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Saturday, August 11, 2012

CAR OF THE DAY - Routemaster Diesel Hybrid

This is the NB4L - New Bus For London - Routemaster

The bus has 3 doors - front - middle - back. Note the Wenloc statue in foreground. Wenloc is the symbol for the London 2012 Olympics.

 In the back is a little porch and a spiral staircase to the top. It was designed for nostalgia - people long for the old bus like this.

One thing I do not like is the new upstairs front windshield - it is much shorter than the old one.

You can see the steps in the back and the steps in the front on the left.

This driver was on break but he was happy to show me his new $450,000 bus. He is in the stairwell. The bus is super quiet and the interior is nicely finished. They expect the buses to last for 40 years of full service.

While visiting the Apple Store in Covent Garden - I stumbled on one of the new red diesel hybrid London Buses. It goes by several names - NB4L (New Bus For London) - Routemaster - Diesel Hybrid - but whatever you call them - they are really cool.

First off - they are not cheap - $450,000 each. They are figuring on a 40 year use cycle - that brings the cost per year down quite a bit. They are 37 feet long - 14 feet high - 8 feet wide - and can haul 90 people. 

It is a true hybrid/diesel/battery system. The bus its powered by an electric motor with a large storage battery. A diesel engine engine flips on to charge the battery when needed. The diesel engine runs at a constant RPM - one for optimum fuel efficiency - lower pollution - and with much lower noise. 

Other features that remind you of the old Routemaster buses are the three entrances - front - side - back - and also two staircases. The bus can be configured to have a crew of one or two. During busy times - all three doors are operating and a conductor watches over the two cabins while the driver drives. During off-peak times - it can be reduced to a crew of one and having the back entrance closed.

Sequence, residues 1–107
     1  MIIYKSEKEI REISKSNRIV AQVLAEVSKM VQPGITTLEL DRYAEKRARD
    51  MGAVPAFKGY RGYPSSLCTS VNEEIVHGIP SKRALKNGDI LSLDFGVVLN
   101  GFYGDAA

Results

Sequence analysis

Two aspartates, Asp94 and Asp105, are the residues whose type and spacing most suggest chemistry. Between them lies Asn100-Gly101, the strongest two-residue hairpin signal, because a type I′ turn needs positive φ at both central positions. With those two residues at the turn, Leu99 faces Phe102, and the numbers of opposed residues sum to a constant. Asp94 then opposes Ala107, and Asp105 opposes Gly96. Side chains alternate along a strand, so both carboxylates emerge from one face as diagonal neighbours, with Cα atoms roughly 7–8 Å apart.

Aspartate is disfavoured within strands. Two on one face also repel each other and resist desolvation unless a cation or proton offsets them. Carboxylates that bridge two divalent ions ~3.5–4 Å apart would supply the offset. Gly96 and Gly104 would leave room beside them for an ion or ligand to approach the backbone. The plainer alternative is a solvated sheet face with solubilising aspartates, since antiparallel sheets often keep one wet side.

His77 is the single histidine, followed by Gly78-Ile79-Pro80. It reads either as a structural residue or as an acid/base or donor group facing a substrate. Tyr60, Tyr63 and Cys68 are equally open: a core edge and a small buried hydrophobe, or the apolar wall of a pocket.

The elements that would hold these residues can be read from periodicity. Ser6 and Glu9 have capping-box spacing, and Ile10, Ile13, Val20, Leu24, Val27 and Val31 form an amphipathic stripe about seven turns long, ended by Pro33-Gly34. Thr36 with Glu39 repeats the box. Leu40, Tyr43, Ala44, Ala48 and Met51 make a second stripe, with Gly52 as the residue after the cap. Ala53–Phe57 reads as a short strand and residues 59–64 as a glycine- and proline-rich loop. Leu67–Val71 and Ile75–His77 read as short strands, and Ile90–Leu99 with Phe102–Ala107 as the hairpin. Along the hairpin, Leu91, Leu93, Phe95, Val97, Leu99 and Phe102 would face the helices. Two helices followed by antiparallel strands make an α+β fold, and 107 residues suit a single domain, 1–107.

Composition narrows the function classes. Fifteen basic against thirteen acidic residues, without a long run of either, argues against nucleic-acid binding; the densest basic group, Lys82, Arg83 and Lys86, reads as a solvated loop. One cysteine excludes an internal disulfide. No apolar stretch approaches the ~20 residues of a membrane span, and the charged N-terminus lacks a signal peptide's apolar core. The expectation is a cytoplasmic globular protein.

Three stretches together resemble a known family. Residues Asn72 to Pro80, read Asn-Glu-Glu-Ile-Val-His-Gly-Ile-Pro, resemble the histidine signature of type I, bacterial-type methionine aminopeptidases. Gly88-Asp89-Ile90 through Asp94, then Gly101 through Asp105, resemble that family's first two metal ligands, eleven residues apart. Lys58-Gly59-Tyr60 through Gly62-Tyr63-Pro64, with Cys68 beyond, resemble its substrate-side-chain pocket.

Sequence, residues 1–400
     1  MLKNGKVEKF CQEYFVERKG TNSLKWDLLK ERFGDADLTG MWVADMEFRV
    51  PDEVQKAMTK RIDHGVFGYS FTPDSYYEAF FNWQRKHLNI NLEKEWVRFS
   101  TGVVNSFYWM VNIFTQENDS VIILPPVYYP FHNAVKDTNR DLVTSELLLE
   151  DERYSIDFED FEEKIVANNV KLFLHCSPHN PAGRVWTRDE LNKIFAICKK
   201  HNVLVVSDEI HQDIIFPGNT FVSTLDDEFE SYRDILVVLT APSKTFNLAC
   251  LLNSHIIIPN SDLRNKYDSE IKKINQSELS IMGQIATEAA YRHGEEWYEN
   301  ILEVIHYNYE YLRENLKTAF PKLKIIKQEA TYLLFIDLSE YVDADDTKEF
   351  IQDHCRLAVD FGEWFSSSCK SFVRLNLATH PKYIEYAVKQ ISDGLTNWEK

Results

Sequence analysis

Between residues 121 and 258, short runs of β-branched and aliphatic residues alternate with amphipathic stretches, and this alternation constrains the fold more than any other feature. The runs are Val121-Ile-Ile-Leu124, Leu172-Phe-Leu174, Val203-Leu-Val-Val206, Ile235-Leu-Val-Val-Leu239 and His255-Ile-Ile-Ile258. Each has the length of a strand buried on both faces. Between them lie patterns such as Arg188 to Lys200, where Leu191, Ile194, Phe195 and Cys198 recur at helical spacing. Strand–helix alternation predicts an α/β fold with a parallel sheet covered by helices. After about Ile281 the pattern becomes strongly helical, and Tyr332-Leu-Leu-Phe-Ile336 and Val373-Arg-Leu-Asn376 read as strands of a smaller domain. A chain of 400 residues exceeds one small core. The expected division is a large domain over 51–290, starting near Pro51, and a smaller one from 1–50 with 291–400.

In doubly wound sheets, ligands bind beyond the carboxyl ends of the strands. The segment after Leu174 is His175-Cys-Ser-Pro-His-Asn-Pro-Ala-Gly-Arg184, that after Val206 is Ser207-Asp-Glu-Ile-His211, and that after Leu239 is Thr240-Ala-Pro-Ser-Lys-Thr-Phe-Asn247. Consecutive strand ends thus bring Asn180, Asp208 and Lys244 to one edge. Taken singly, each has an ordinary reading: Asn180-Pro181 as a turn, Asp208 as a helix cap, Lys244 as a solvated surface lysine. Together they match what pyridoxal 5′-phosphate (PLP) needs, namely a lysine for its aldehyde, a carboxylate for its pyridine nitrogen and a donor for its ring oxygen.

The bus has been a political football. London Mayor Boris Johnson ran on a platform of building a new bus that brought back the rear entrance and conductor. Only 20 of the buses have been put into operation - the future is not certain.

One of the highlights of London for us - is riding in the top of a double decker bus in the front seat. You are 10 feet above all the other action - giving you an excellent view in all directions through a gigantic windshield - as big as a 4 x 8 sheet of plywood. 

When you ride in buses - you must buy a credit card for 5 pounds. Then you can put money on the card and use it for the buses and the subways. When you get on the bus - a card reader blinks red or green. Green means you paid for the ride - red means there is not enough money on your card. No money ever changes hands. 

During the Olympics - if you bought a ticket for an event - like basketball - it included a pink transportation ticket that gave you free bus or subway transportation anywhere in the city for that day. We took advantage of those pink tickets using them even when we were not going to an Olympic event.

One thing I do not like about the new bus is that the big windshield at the topic is much smaller. It is still 8 feet wide - but maybe only 2.5 feet high instead of 4 feet - it does cramp the view. 

Other good things about the new bus - it is much quieter - the engine never revs - it just idles. Sometimes it turns completely off. Also - all the lights inside and outside are LED lights which use less power and seldom burnout. 

These buses will replace the "bendy buses" - the ones that look like a caterpillar with two pieces connected by a rubber passage way. 

This is the old Routemaster - only two are in service now.

I have seen these old Routemasters turned into motor homes. One was being used in Washington DC as a tour bus and he went under the wrong bridge - cutting off a passenger's head. 

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